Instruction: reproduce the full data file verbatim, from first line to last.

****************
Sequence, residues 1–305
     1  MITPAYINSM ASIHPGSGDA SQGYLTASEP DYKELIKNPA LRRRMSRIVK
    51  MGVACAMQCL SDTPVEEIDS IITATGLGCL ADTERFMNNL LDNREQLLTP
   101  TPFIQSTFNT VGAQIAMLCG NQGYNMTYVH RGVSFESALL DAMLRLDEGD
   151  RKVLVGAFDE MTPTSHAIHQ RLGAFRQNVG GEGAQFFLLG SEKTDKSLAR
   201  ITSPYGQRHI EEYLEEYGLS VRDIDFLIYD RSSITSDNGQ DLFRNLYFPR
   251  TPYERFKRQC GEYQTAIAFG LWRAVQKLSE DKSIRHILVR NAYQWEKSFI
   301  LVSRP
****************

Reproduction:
Sequence, residues 1–305
     1  MITPAYINSM ASIHPGSGDA SQGYLTASEP DYKELIKNPA LRRRMSRIVK
    51  MGVACAMQCL SDTPVEEIDS IITATGLGCL ADTERFMNNL LDNREQLLTP
   101  TPFIQSTFNT VGAQIAMLCG NQGYNMTYVH RGVSFESALL DAMLRLDEGD
   151  RKVLVGAFDE MTPTSHAIHQ RLGAFRQNVG GEGAQFFLLG SEKTDKSLAR
   201  ITSPYGQRHI EEYLEEYGLS VRDIDFLIYD RSSITSDNGQ DLFRNLYFPR
   251  TPYERFKRQC GEYQTAIAFG LWRAVQKLSE DKSIRHILVR NAYQWEKSFI
   301  LVSRP